Parashat Tazri‘a-Metzor‘a: The Solitude of the Leper
We are all familiar with Genesis 2:18: The L-RD God said, “It is not good for man to be alone….” But we find that the metzor‘a must indeed sit alone outside of the camp (where the rest of the Israelite nation is): Being unclean, he shall dwell apart; his dwelling shall be outside the camp (Leviticus 13:46).
As is the case with Parashat Shemini and the nature of the sin of the sons of Aaron, an insight from the mussar literature, in this case from Ha-Rav Chaim Shmuelevitz, zatzal, which also possesses profound philosophical implications, can help illuminate an aspect of the biblical narrative. Rav Shmuelevitz (Sihot Mussar, 1971-73, 1972, #31) commented upon the Talmudic passage (Nedarim 64b) that goes as follows:
R. Joshua b. Levi said: A man who is childless is accounted as dead, for it is written, Give me children, or else I am dead (Genesis 30:1). And it was taught: Four are accounted as dead, a poor man, a leper, a blind person, and one who is childless. A poor man, as it is written, for all the men are dead [which sought your life] (Exodus 4:19). (According to Hazal, Dathan and Abiram, the perennial adversaries of Moses, [vide Exodus 2:13, Exodus 5:20, Numbers 16:27] are referred to here. But the claim that they are dead could not be taken literally, for they explicitly reappear in the story of Korah [Numbers 16]! Resh Laqish, in the Talmudic passage immediately preceding this one, explains that the Torah means that they had become poor.) A leper, as it is written, [And Aaron looked upon Miriam, and behold, she was leprous. And Aaron said unto Moses…] let her not be as one dead (Numbers 12:10-12). The blind, as it is written, He has set me in dark places, as they that be dead of old (Lamentations 3:6). (The point is that a person who is put in an utterly dark place is tantamount to one who becomes becoming blind, and blind people are considered dead). And he who is childless, as it is written, Give me children, or else I am dead.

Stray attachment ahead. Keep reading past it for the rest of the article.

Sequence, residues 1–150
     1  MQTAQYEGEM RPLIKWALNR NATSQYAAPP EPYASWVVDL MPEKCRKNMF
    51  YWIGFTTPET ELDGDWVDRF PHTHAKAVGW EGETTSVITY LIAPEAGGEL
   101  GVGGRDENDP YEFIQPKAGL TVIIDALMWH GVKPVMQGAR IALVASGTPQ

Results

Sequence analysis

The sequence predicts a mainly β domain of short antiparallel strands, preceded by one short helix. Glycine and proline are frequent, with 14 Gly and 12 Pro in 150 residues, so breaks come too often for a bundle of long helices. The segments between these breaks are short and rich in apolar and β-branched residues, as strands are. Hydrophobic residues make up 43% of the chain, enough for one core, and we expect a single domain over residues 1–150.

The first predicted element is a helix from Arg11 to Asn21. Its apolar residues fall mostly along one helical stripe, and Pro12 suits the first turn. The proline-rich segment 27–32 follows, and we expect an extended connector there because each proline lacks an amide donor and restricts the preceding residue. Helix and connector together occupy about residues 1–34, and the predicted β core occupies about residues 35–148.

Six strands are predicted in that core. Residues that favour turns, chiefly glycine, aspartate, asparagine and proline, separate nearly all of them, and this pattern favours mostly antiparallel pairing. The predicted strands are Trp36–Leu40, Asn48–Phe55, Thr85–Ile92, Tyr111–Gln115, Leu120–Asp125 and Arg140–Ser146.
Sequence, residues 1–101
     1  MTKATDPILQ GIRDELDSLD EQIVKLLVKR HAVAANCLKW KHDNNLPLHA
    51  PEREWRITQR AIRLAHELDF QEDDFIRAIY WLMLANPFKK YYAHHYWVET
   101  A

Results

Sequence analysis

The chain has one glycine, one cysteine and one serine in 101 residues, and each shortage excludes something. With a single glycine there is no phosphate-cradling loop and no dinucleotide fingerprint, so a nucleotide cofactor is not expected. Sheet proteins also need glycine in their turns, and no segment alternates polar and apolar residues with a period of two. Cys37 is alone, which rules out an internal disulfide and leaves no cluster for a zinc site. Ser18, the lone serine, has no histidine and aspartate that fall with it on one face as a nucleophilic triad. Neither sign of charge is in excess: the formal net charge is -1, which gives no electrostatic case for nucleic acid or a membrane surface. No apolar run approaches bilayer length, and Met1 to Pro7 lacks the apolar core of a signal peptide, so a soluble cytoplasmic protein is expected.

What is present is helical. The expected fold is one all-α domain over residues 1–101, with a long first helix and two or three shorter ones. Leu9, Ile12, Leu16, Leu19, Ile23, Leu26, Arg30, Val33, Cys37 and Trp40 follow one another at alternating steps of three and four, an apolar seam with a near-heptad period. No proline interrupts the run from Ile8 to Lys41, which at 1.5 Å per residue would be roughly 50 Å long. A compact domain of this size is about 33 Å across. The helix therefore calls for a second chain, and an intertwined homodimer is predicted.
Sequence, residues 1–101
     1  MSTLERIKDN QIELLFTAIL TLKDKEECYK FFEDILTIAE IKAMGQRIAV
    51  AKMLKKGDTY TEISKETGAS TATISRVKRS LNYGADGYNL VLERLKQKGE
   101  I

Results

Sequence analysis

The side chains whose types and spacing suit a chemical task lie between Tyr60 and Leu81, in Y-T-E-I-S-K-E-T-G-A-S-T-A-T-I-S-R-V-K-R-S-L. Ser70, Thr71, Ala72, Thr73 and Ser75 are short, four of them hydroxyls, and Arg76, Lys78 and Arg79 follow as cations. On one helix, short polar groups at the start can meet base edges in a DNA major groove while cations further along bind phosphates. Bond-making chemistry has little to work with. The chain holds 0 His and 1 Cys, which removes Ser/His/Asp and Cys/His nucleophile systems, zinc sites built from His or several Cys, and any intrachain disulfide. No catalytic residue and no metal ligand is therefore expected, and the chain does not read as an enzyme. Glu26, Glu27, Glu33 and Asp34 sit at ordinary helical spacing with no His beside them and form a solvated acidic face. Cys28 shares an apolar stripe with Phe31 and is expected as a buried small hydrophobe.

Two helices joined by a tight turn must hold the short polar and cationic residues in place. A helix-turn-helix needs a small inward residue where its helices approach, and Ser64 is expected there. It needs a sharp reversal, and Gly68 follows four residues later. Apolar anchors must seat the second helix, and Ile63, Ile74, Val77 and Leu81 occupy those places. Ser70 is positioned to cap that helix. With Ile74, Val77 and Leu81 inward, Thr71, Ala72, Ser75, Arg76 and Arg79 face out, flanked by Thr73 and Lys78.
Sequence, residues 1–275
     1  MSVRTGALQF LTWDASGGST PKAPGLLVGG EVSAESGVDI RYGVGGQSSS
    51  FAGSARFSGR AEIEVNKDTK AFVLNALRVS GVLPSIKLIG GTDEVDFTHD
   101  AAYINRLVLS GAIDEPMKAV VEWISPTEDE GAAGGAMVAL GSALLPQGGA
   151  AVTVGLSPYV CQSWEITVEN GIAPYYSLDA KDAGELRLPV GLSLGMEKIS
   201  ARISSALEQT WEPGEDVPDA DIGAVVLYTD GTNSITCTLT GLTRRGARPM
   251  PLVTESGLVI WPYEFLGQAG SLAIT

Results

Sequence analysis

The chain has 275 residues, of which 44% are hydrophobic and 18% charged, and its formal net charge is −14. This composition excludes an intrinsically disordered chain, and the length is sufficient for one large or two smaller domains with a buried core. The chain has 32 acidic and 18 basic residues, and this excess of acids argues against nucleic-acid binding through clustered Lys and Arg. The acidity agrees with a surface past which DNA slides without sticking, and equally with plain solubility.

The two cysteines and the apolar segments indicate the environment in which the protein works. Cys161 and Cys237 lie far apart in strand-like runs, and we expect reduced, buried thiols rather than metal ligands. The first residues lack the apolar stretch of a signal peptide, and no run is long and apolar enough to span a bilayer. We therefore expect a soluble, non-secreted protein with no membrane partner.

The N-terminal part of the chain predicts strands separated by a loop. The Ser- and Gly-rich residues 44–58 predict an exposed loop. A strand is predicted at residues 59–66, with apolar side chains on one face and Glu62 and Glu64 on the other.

R. Shmuelevitz asked: What is the common denominator that unites these four classes of people? He answered that these four classes of individuals are lacking in their ability to feel for others. And, if one cannot feel for others, if one is missing this basic human empathy, if one is existentially alone, he is lacking a core part of what it means to be alive is missing. Hence, he is considered to be dead.
Following this strand of thought, we can begin to understand why the Torah demands that the metzora should remain temporarily alone. Hazal traditionally equate the disease of tzara‘at with the sin of leshon ha-ra; evil gossip. Leshon Ha-Ra kills. And middah keneged middah, the metzor‘a must spend at least some time away from the companionship of others, in order that he reflect and ponder what happened. When alone, he cannot help others, and he comes to realize that others cannot help him either. The Torah’s hope is that this experience will transform himself from an existentially deficient metzor‘a into a new creature, and that he will subsequently resolve to be a good person.
Leshon Ha-Ra causes tzara‘at, which engenders the punishment of solitude. But, as we began our discussion above, The L-RD God said, “It is not good for man to be alone….” What, then should one talk about? The Rambam, at the end of Hilkhot Tume’at Tzara ‘at, writes as follows:
The conversation of the worthy ones of Israel is none other than words of Torah and wisdom, therefore the Holy One, blessed is He, aids them and bestows wisdom upon them, as it is said, And they that feared the L-RD spoke together every man to his neighbor, and the L-RD hearkened and heard. And a book of remembrance was written before him for them that feared the L-RD and that thought upon his name (Malachi 3:17).